+ U.S. goods exports to Turkey in 2017 were $9.7 billion, up 4.1% ($387 million) from 2016 and up 49.9% from 2007.
+ The top export categories (2-digit HS) in 2017 were: aircraft ($1.8 billion), iron and steel ($1.1 billion), mineral fuels ($979 million), machinery ($760 million), and cotton ($735 million).
+ U.S. total exports of agricultural products to Turkey totalled $1.8 billion in 2017. Leading domestic export categories include: cotton ($730 million), tree nuts ($308 million), distillers grains ($229 million), soybeans ($139 million), and feeds & fodders nesoi ($51 million).
+ U.S. exports of services to Turkey were an estimated $3.1 billion in 2016 0.6% ($18 million) less than 2015. Leading services exports from the U.S. to Turkey were in the travel, intellectual property (industrial processes), and financial services sectors.
+ Turkey was the United States' 34th largest supplier of goods imports in 2017.
+ U.S. goods imports from Turkey totalled $9.4 billion in 2017, up 17.1% ($1.4 billion) from 2016, and up 104.6% from 2007.
+ The top import categories (2-digit HS) in 2017 were: vehicles ($1.4 billion), iron and steel ($1.0 billion), machinery ($942 million), carpets and other textile coverings ($478 million), and stone, plaster, cement ($354 million).
+ U.S. total imports of agricultural products from Turkey totalled $938 million in 2017. Leading categories include: processed fruit & vegetables ($185 million), tobacco ($151 million), snack foods ($102 million), coarse grains ($79 million), and other vegetable oils ($73 million).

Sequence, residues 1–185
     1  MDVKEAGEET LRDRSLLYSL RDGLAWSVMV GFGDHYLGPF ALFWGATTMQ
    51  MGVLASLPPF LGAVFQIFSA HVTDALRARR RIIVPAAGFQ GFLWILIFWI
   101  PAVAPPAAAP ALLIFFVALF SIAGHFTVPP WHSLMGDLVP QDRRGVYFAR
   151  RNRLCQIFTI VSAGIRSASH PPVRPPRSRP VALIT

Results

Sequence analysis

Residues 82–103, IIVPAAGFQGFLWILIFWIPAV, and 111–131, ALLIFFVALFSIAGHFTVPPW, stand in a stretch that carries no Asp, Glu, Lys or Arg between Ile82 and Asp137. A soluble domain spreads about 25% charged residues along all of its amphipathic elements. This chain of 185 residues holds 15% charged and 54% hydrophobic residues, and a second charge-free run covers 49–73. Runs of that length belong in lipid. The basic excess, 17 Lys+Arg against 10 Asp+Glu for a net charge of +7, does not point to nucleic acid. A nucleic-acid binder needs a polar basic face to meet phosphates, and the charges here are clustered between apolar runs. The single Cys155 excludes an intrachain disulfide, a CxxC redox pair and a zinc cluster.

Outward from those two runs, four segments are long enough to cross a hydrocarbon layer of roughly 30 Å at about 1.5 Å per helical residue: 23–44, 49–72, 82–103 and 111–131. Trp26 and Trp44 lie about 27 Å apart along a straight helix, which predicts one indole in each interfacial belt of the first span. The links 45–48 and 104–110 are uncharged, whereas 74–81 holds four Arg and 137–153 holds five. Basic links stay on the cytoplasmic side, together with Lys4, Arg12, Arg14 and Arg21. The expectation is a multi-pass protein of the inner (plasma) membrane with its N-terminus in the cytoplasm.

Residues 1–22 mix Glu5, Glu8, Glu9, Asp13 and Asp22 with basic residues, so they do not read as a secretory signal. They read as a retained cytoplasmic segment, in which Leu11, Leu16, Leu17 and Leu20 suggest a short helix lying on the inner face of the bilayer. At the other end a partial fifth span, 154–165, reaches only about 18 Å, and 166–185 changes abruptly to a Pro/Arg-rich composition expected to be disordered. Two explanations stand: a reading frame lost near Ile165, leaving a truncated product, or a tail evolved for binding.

+ U.S. imports of services to Turkey were an estimated $1.9 billion in 2016 7.2% ($146 million) less than 2015. Leading services imports from Turkey to the U.S. were in the travel, transport, and professional and management services sectors.
+ The U.S. goods trade surplus with Turkey was $328 million in 2017, a 75.1% decrease ($989 million) over 2016.
+ The United States has a services trade surplus of an estimated $1.2 billion with Turkey in 2016 (latest data available), up 16.0% from 2015.
+ U.S. foreign direct investment (FDI) in Turkey (stock) was $4.3 billion in 2017, a 10.7% increase from 2016. U.S. direct investment in Turkey is led by manufacturing, wholesale trade, and finance and insurance.
+ Turkey's FDI in the United States (stock) was $2.0 billion in 2017, up 18.1% from 2016. There is no information on the distribution of Turkey FDI in the U.S.
+ Sales of services in Turkey by majority U.S.-owned affiliates were $5.1 billion in 2015 (latest data available), while sales of services in the United States by majority Turkey-owned firms were $75 million.”